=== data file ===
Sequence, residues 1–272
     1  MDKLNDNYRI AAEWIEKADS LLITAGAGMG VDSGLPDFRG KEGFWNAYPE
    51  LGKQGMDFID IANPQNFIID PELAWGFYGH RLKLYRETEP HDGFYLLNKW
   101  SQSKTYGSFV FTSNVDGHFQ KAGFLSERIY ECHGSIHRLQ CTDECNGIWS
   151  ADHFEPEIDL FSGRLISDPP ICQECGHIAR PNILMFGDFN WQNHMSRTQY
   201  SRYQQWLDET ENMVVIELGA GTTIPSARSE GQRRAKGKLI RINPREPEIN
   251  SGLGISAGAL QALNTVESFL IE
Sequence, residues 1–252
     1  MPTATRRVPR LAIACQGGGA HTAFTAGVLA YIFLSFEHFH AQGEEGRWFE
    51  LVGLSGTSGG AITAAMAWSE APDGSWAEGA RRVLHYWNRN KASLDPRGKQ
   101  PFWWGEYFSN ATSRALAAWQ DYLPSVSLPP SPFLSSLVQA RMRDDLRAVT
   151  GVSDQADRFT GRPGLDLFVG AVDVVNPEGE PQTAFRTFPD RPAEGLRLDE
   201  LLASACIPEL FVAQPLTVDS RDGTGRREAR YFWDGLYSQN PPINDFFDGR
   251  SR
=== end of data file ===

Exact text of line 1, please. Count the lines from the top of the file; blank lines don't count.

Sequence, residues 1–272